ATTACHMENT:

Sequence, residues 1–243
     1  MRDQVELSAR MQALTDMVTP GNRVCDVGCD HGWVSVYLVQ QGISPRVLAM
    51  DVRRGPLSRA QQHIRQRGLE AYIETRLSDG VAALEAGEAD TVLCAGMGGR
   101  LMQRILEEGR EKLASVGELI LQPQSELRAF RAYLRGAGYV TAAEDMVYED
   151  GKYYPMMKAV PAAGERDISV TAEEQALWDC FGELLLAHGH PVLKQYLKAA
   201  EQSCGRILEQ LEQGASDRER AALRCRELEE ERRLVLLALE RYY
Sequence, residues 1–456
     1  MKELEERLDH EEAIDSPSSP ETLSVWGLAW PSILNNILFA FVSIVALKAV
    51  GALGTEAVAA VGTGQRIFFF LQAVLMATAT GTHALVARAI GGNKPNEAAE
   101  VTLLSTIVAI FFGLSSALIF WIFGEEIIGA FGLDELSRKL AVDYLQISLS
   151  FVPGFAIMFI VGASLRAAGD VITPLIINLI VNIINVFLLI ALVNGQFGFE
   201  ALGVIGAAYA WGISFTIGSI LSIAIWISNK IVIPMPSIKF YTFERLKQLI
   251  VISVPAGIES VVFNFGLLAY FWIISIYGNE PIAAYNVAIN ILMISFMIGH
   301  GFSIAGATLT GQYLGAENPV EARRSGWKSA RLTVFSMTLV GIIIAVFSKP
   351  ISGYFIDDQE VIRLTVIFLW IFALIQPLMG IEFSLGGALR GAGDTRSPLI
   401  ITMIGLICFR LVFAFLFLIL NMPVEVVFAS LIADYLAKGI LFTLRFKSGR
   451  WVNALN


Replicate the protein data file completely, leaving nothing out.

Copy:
Sequence, residues 1–243
     1  MRDQVELSAR MQALTDMVTP GNRVCDVGCD HGWVSVYLVQ QGISPRVLAM
    51  DVRRGPLSRA QQHIRQRGLE AYIETRLSDG VAALEAGEAD TVLCAGMGGR
   101  LMQRILEEGR EKLASVGELI LQPQSELRAF RAYLRGAGYV TAAEDMVYED
   151  GKYYPMMKAV PAAGERDISV TAEEQALWDC FGELLLAHGH PVLKQYLKAA
   201  EQSCGRILEQ LEQGASDRER AALRCRELEE ERRLVLLALE RYY
Sequence, residues 1–456
     1  MKELEERLDH EEAIDSPSSP ETLSVWGLAW PSILNNILFA FVSIVALKAV
    51  GALGTEAVAA VGTGQRIFFF LQAVLMATAT GTHALVARAI GGNKPNEAAE
   101  VTLLSTIVAI FFGLSSALIF WIFGEEIIGA FGLDELSRKL AVDYLQISLS
   151  FVPGFAIMFI VGASLRAAGD VITPLIINLI VNIINVFLLI ALVNGQFGFE
   201  ALGVIGAAYA WGISFTIGSI LSIAIWISNK IVIPMPSIKF YTFERLKQLI
   251  VISVPAGIES VVFNFGLLAY FWIISIYGNE PIAAYNVAIN ILMISFMIGH
   301  GFSIAGATLT GQYLGAENPV EARRSGWKSA RLTVFSMTLV GIIIAVFSKP
   351  ISGYFIDDQE VIRLTVIFLW IFALIQPLMG IEFSLGGALR GAGDTRSPLI
   401  ITMIGLICFR LVFAFLFLIL NMPVEVVFAS LIADYLAKGI LFTLRFKSGR
   451  WVNALN